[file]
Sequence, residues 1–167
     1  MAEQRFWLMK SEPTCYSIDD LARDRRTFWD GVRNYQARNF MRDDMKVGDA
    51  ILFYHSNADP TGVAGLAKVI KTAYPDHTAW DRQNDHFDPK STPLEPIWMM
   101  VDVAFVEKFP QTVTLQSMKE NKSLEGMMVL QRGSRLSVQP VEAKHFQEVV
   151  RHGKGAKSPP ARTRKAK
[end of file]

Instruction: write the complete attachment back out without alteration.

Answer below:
Sequence, residues 1–167
     1  MAEQRFWLMK SEPTCYSIDD LARDRRTFWD GVRNYQARNF MRDDMKVGDA
    51  ILFYHSNADP TGVAGLAKVI KTAYPDHTAW DRQNDHFDPK STPLEPIWMM
   101  VDVAFVEKFP QTVTLQSMKE NKSLEGMMVL QRGSRLSVQP VEAKHFQEVV
   151  RHGKGAKSPP ARTRKAK